The facility is responsible for building luxury airline seats (which can cost over $140,000 each) for private jets and Super First Class commercial airliners. We took a gemba walk to the shop floor and met staff as they went through their learning cycles and experiments.

Coming from a software background, I was interested to observe how the environment and its design was such a key consideration for the teams. Visual communication and the physical layout of people, card walls, information radiators and equipment are at the core of high performing Lean-Agile software development teams, as they build shared understanding, raise visibility and improve collaboration with internal and external stakeholders at speed. These principles were at play at B/E Aerospace too.

After the walk we had an open Q&A session with the business leadership and Kata coaches. There was plenty of great dialogue between attendees and employees during the session, and a B/E Aerospace employee raised a point that really captured the essence of the conference experience as a whole. When asked what has been the most transformational outcome of deploying Improvement Kata at B/E Aerospace, their answer was simple; “I feel I no longer need permission to experiment”.

References

Toyota Kata Website

LinkedIn Group

KataCon YouTube Channel

How to unleash innovation in the enterprise

I constantly hear how enterprises are poor at innovation, bad at product development and unresponsive to business change. So it begs the question, why do so many organizations get it wrong? And what are the key factors to consider when trying to innovate in large organizations?

Typically the factors constraining innovation are conflicting business goals, competing priorities, localized performance measures and success criteria. While these have traditionally been the tools of management – to control workforce behavior and output – in highly competitive and quickly evolving business environments they also have had the adverse effects of killing creativity, responsiveness and ingenuity.

So what are the components needed to unleash innovation in enterprise?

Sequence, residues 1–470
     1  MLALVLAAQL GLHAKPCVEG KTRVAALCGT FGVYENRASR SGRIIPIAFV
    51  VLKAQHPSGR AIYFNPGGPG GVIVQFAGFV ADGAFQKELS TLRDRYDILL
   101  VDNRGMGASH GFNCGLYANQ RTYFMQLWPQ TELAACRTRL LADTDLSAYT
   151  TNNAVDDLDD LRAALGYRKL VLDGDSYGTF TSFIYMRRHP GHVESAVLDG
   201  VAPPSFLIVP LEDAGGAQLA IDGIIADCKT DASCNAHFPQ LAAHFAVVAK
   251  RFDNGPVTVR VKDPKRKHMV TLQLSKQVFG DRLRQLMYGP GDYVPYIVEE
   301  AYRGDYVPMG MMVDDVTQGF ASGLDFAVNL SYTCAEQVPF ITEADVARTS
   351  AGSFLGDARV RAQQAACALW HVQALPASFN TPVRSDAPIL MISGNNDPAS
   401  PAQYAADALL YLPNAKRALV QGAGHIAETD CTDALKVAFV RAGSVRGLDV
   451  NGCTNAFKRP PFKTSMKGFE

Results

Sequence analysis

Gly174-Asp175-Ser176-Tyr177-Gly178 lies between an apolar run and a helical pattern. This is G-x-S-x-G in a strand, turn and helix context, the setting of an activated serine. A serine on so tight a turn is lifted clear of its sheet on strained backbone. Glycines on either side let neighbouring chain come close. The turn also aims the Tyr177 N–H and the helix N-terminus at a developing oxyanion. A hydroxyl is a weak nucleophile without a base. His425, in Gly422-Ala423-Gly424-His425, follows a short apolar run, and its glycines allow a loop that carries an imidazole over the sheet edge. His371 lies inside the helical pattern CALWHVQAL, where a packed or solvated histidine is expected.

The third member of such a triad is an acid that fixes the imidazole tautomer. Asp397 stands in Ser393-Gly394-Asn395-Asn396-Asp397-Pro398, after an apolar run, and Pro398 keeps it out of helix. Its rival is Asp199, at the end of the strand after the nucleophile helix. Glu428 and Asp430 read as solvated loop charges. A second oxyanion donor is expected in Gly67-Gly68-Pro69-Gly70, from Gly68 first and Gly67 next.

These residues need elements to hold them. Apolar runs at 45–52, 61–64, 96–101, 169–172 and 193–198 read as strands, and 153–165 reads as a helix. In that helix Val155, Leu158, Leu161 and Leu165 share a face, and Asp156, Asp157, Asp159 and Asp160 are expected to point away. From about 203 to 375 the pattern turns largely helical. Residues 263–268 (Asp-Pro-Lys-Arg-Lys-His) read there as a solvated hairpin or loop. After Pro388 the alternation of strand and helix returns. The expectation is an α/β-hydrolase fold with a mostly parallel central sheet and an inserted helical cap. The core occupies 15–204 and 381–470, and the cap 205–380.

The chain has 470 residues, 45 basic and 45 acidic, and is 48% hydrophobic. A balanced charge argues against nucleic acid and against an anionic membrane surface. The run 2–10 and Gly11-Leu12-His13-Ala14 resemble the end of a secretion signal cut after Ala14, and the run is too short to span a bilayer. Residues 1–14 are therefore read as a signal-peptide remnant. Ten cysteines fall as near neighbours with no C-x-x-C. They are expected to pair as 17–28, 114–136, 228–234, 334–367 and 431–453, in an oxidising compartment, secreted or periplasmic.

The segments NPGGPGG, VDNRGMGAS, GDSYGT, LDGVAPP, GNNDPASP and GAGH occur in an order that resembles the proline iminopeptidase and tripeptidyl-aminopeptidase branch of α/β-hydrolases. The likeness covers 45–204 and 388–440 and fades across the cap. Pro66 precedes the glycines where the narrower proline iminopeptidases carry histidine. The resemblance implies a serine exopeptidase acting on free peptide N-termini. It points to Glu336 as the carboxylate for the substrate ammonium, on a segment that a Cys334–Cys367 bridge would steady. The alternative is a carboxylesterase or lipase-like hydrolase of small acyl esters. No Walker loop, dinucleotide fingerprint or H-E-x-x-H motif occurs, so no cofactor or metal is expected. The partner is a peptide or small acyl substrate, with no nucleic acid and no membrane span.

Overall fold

Strong Executive mandate

Ultimately, if any initiative is to be successful the CEO and Executive team need to buy into and drive the mandate. They must encourage or even force others with a stake in the game to participate and support the new initiative. The participants involved should be given the mission to explore and provide as many ideas as possible to form the key pillars of future growth for the enterprise.

Innovation collaboration sessionsExecutive sponsorship offers a powerful and immediate way for leadership to clearly articulate policy priorities and advance them. By linking innovation to a growth strategy it ensures it is a targeted, strategic and funded priority for the organization, and provides alignment between business strategy and execution through the action of delivery.

While I applaud the dissenters and nonconformists who attempt to start initiatives on their own, I find in practice that executive leadership support and sponsorship is required for systemic and lasting success.

Flexibility in innovation strategy

As with any business decision, organizations should begin by honestly assessing their capabilities. Organizations must access their culture, evaluate leadership support and people’s willingness to cooperate with various innovation strategies. For example, will employees behave territorially and discount ideas because they were generated by another department, or externally?

By choosing preferred focus areas for innovation, organizations can define an overall innovation strategy that is suitable for achieving the organization’s goals that are best aligned to its key capabilities. Organizations seeking to cultivate a culture of innovation should consider the merits and drawbacks of each of the options outlined below when making a decision.

Organizational Innovation Strategies

Organizational Innovation Strategies

When deciding on an innovation strategy I encourage leadership teams to base the decision on the answers to these key questions:

  • What is the intended outcome they want to achieve from pursuing the selected strategy?
  • Which strategy is best aligned to their objectives, capabilities, people and values?
  • Where do they want to be on the innovation curve — disruptor, early adopter, follower and laggard?
  • Finally, they should identify specific obsoletes and constraints that prevent them from being entrepreneurial in their pursuit of the strategy and find ways to remove or bypass them.

Consider Complementarity Strategies

An organization that chooses to pursue more than one of the six strategies simultaneously should consider strategies that complement each other, such as R&D and Strategic Alliances.

Procter & Gamble (P&G) launched a “Connect and Develop” program to systematically engage with partners outside the boundaries of the company to source new-product ideas. In 2012, its Head of Technology announced that P&G had tripled its percentage of ideas that made it successfully to market as new products.